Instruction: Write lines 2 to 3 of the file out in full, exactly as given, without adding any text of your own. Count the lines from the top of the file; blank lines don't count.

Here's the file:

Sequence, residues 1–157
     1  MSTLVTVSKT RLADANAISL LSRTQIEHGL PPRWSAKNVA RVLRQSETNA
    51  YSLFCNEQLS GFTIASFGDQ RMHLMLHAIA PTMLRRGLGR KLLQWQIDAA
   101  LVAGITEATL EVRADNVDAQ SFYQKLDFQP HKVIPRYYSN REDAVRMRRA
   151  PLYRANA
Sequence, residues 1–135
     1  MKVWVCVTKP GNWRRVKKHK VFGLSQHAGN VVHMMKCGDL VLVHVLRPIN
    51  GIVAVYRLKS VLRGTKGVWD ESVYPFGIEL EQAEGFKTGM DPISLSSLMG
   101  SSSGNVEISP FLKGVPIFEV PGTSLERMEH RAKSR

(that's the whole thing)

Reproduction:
     1  MSTLVTVSKT RLADANAISL LSRTQIEHGL PPRWSAKNVA RVLRQSETNA
    51  YSLFCNEQLS GFTIASFGDQ RMHLMLHAIA PTMLRRGLGR KLLQWQIDAA